## Nickle

{{language |site=http://nickle.org/ |gc=yes |parampass=value |express=implicit |checking=dynamic }}

Nickle is a numerically oriented prototyping and scripting environment, with a syntax resembling C.

By Keith Packard and Bart Massey. Debuted in 2001, the most common version in use is probably 2.79 from 2017. 2.85 was tagged on 2019-07-31

Originally a command line desk calculator, Nickle was extended with more sophisticated programming features.

The numeric datatypes within Nickle make it a good choice for the design and implementation of numeric algorithms. Nickle provides three numeric data types: arbitrary precision integers, arbitrary-precision rationals and unbounded floating-point "reals" with specifiable precision.

Other datatypes include multi-dimensional arrays, strings, structures, tagged unions and pointers. Higher level types include file, semaphore and thread. Functions are fully call by value, arrays and structures are copied, not referenced.

The reference implementation includes an interactive top level with byte code compilation before evaluation.

Example:

```/* Arrays to JSON */
autoimport JSON;
int [*] d = {1,2,3};
poly [*] p = {1, "abc", 42};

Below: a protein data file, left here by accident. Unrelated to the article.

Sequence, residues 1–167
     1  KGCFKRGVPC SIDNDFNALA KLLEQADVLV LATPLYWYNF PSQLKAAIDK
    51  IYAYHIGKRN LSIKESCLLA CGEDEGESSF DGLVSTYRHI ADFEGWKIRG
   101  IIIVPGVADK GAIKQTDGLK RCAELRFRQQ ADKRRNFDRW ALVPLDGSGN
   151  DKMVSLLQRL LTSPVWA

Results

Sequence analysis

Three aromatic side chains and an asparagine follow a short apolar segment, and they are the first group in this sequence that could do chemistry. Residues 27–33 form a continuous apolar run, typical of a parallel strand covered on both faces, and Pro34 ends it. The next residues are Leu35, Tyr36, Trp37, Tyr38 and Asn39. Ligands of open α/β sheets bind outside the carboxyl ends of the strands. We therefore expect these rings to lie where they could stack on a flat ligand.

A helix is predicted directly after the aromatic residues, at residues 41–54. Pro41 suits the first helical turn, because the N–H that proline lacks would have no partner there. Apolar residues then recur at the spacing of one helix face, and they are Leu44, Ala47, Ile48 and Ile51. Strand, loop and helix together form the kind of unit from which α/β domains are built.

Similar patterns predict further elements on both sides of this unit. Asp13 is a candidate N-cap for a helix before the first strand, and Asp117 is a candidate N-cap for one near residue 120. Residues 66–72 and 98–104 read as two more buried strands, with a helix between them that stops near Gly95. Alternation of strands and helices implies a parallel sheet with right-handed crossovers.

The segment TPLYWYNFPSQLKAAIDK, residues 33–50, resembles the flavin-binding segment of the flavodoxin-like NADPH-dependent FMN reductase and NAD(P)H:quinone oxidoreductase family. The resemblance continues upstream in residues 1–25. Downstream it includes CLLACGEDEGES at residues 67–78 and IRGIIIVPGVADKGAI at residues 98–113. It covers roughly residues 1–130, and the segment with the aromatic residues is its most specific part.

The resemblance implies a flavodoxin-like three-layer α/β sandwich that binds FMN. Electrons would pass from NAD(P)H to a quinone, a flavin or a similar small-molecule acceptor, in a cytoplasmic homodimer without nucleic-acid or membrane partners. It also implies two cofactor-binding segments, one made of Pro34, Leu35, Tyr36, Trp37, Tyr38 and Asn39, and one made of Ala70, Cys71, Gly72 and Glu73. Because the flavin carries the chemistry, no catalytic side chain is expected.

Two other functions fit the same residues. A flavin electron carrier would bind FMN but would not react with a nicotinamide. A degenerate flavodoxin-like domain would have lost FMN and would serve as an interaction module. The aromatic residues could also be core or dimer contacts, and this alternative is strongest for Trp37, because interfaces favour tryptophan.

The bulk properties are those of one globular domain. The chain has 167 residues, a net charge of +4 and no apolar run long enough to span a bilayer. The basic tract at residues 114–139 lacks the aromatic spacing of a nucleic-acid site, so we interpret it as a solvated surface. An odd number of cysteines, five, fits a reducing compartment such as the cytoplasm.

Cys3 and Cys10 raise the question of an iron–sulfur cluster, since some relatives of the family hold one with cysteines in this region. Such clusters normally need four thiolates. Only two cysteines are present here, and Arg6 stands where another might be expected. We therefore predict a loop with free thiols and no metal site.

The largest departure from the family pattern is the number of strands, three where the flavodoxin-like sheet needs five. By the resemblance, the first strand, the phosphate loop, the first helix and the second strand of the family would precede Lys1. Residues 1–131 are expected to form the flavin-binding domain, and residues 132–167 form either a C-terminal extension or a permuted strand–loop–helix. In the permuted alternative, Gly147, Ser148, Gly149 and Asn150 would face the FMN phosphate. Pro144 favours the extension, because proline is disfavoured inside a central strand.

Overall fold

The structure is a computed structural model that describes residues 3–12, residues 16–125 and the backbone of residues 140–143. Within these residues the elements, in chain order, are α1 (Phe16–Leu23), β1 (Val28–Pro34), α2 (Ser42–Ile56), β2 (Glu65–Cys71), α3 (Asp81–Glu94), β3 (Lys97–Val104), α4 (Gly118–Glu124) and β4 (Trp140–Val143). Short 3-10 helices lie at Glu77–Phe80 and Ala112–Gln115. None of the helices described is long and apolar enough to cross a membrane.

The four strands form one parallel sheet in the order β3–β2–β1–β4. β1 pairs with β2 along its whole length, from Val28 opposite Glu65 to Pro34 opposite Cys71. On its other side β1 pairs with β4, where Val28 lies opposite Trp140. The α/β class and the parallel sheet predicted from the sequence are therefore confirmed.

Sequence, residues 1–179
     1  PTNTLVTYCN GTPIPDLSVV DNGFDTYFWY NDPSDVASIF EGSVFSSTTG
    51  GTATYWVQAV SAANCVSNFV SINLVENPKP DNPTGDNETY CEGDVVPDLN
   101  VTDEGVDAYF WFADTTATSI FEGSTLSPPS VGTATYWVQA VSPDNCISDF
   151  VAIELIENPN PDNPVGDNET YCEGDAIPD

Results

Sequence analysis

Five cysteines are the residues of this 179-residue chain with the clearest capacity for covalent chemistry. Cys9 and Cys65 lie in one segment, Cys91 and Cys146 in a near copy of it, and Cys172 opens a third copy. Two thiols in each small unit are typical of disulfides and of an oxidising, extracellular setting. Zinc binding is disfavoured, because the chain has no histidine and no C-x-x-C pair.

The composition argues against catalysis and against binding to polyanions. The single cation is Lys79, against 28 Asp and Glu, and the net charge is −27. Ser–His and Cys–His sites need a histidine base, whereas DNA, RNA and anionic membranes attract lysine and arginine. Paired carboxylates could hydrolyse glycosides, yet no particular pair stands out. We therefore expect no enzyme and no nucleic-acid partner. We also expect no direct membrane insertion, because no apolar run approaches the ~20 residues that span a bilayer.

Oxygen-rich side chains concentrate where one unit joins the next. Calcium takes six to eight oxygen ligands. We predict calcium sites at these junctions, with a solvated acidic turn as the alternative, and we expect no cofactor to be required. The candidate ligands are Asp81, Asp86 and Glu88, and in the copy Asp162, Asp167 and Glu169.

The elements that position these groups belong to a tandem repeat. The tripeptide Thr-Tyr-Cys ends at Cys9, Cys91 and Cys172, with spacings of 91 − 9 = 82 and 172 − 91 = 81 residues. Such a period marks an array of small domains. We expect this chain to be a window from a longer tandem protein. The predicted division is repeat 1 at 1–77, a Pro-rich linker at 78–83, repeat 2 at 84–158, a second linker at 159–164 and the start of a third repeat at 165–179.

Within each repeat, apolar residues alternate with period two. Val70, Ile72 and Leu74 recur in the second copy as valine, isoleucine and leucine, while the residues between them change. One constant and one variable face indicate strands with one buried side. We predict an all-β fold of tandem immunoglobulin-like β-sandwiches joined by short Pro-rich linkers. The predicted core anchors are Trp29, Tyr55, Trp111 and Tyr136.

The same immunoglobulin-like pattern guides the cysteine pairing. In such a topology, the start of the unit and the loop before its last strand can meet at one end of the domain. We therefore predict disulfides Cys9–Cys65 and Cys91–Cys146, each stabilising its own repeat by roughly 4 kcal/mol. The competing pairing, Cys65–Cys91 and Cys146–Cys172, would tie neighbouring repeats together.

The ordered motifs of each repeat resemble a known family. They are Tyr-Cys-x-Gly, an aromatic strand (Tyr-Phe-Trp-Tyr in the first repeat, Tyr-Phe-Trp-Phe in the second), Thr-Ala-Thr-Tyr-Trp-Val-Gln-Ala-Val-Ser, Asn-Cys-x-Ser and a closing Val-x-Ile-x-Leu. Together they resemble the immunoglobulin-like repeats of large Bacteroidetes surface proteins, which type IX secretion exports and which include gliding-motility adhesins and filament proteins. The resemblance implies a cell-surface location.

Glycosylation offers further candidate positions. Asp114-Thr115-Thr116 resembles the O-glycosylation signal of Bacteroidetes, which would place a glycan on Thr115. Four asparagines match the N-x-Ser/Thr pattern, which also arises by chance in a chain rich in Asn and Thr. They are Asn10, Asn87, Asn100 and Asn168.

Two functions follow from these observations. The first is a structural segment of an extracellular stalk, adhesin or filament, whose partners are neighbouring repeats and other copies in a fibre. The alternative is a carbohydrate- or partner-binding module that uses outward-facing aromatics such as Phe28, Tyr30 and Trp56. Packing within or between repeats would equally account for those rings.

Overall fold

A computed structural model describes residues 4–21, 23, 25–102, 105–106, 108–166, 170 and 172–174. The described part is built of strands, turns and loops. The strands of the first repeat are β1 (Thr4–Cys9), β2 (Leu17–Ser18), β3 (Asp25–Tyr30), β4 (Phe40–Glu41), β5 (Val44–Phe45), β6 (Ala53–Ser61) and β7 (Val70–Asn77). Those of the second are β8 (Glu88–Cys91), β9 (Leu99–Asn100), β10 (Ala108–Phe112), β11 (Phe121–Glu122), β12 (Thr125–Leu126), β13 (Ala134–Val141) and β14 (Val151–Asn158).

printf("%s\n", to_json(d));
printf("%s\n", to_json(p));

/* digits, %v spec for any "poly" types */
printf("%g\n", 1/3);
printf("%g\n", imprecise(1/3, 8));   /* 8 bit internal precision */
printf("%v\n", imprecise(1/3, 32));  /* 32 bit precision  */
printf("%v\n", imprecise(1/3, 500)); /* 500 bit precision */
int f = 50!;
print f;

/* looping */
for (int i = 0; i < dim(p); i++) {
printf("%v ", p[i]);
}
printf("\n");
```

{{out}}

```prompt\$ nickle sampler.5c
[
1,
2,
3
]
[
1,
"abc",
42
]
0.333333333333333
0.33
0.333333333
0.333333333333333
global int f = 30414093201713378043612608166064768844377641568960512000000000000;
1 "abc" 42
```

While very suitable for general purpose programming, Nickle excels at prototyping numeric algorithms, and can be a nice complement to tools like Perl and AWK.